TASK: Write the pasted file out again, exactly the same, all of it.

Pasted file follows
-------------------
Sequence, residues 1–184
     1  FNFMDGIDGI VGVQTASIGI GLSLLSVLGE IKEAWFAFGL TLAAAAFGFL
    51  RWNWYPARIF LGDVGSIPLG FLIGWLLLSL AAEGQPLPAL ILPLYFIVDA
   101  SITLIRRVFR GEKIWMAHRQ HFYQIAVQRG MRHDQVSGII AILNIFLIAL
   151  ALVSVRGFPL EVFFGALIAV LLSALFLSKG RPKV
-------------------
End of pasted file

Sequence, residues 1–184
     1  FNFMDGIDGI VGVQTASIGI GLSLLSVLGE IKEAWFAFGL TLAAAAFGFL
    51  RWNWYPARIF LGDVGSIPLG FLIGWLLLSL AAEGQPLPAL ILPLYFIVDA
   101  SITLIRRVFR GEKIWMAHRQ HFYQIAVQRG MRHDQVSGII AILNIFLIAL
   151  ALVSVRGFPL EVFFGALIAV LLSALFLSKG RPKV